Enter a grandparent's name to get started.
In a free country like ours, where toleration of all religions alike is one of the fundamental principles of the Government, one would naturally think that open persecution of any sect or body of religionists was impossible. But the Irish, unfortunately, have brought with them to this country not merely many of their old customs and national fetes, but their old religions feuds.
Nearly two hundred years ago, William of Nassau, Prince of Orange, or William the Third, a Protestant, met the Catholic King, James the Second, of England, In deadly battle, in the vales of Meath, through which the Boyne River flows, and utterly routed him, and compelled him to flee to the Continent for safety. According to old style, this was on the first day of July, as the old ballad says:
“‘Twas bright July’s first morning clear,
Of unforgotten glory,
That made this stream, through ages dear,
Renowned in song and story.”
According to new style, however, this has become the twelfth of the month. The Ulster Protestant Society, known as Orangemen, was founded in 1795. It was a secret political organization, founded, it is said, to counteract the Ribbonmen, or Protectors, as they were called. Its object in this country, it is asserted, is entirely different, and more in harmony with other societies that have their annual celebration in New York City and other places.
It is not necessary to go over the bitter feuds between these and the Catholic Irish in the old country. The hates they engendered were brought here, but kept from any great outward manifestation, because the Orangemen indulged in no public displays. We believe that there had been only one procession previous to this. In this year, however, an imposing display was resolved upon, but no trouble was anticipated, and no precautions taken by the police. It was not proposed to parade the streets, but to form, and march in procession up Eighth Avenue, to Elm Park, corner of Ninetieth Street and Eighth Avenue, and have a picnic, and wind up with a dance. As the procession passed Fourth Street, in full Orange regalia, and about twenty-five hundred strong (men, women, and children), playing “Boyne Water,” “Derry,” and other tunes obnoxious to the Catholics, some two hundred Irishmen followed it with curses and threats.
Violence was, however, not feared, and the procession continued on, and at length reached the new Boulevard road, where a large body of Irishmen were at work. Beyond, however, the interchange of some words, nothing transpired, and it entered the park, and began the festivities of the day.
Enter a grandparent's name to get started.
In the meanwhile, however, the rabble that had followed them came upon the Ribbonmen at work on the Boulevard road, and persuaded them to throw up work and join them, and the whole crowd, numbering probably about five hundred, started for the park. The foreman of the gang of three hundred workmen saw at once the danger, and hurried to the Thirty-first Precinct station, corner of One Hundredth Street and Ninth Avenue, and told Captain Helme of the state of things.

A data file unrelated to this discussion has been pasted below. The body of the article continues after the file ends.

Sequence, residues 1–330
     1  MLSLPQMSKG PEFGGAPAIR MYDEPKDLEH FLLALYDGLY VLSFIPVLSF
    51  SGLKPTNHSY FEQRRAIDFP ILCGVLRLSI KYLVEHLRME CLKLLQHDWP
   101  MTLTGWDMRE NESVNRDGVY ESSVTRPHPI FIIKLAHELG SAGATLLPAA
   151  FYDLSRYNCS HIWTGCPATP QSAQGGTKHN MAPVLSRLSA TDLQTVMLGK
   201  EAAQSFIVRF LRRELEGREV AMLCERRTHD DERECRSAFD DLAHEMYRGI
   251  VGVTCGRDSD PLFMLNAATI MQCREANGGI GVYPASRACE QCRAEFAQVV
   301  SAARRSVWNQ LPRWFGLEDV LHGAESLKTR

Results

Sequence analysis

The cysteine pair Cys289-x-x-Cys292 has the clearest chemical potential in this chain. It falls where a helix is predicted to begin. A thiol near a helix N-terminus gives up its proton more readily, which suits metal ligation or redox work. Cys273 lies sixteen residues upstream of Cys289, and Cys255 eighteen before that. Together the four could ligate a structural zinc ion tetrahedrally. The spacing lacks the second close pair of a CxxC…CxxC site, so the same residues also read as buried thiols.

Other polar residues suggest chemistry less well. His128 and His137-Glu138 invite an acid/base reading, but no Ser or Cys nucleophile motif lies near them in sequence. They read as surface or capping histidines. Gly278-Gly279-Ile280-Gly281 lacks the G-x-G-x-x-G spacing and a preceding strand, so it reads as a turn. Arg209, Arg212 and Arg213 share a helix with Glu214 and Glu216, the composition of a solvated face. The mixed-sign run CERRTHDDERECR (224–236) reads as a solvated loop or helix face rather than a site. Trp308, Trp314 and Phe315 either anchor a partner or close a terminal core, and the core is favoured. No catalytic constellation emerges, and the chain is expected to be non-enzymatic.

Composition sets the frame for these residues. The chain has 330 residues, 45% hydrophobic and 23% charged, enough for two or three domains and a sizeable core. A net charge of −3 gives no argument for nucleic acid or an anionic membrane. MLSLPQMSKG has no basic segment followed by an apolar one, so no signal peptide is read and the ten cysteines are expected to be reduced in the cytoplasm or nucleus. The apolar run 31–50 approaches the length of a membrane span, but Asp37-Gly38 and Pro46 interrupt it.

The latter immediately thought of the picnic, and, anticipating trouble, telegraphed to Jourdan for reinforcements. In the meanwhile, the mob, loaded with stones, advanced tumultuously towards the park, within which the unsuspecting Orangemen were giving themselves up to enjoyment. Suddenly a shower of stones fell among them, knocking over women and children, and sending consternation through the crowd. Shouts and curses followed, and the Orangemen, rallying, rushed out and fell furiously on their assailants. Shovels, clubs, and stones were freely used, and a scene of terrific confusion followed. The fight was close and bloody, and continued for nearly half an hour, when Sergeant John Kelly, with a force of sixteen men, arrived, and rushing in between the combatants, separated them, and drove the Orangemen back into the park. The mob then divided into two portions, of between two and three hundred each. One party went by way of Ninth Avenue, and, breaking down the fence on that side, entered the park, and fell with brutal fury on men, women, and children alike. A terrible fight followed, and amid the shouts and oaths of the men and screams of the women and children, occasional pistol shots were heard, showing that murder was being done. The enraged, unarmed Orangemen, wrenched hand rails from the fence, tore up small trees, and seized anything and everything that would serve for a weapon, and maintained the fight for a half an hour, before the police arrived. The second portion went by Eighth Avenue, and intercepted a large body of Orangemen that had retreated from the woods, and a desperate battle followed. There were only two policemen here, and of course could do nothing but stand and look on the murderous conflict. In the meantime, the force telegraphed for by Captain. Helme arrived. It consisted of twenty men, to which Captain Helme added the reserve force, with a sergeant from the Eighth, Ninth, Fifteenth, Sixteenth, and Nineteenth Precincts, making in all some fifty men. These he divided into two portions, one of which he sent over to Eighth Avenue to protect the cars, into which the fugitives were crowding, while the other dashed furiously into the park, and fell on the combatants with their clubs. They soon cleared a lane between them, when turning on the Ribbonmen, they drove them out of the park. They then formed the Orangemen into a procession, and escorted them down the city. A portion, however, had fled for the Eighth Avenue cars; but a party of Ribbonmen were lying in wait here, and another fight followed. Huge stones were thrown through the windows of the cars, the sides broken in, over the wreck of which the mob rushed, knocking down men, women, and children alike, whose shouts, and oaths, and screams could be heard blocks off. The scene was terrific, until the arrival of the police put an end to it, and bore the dead and wounded away.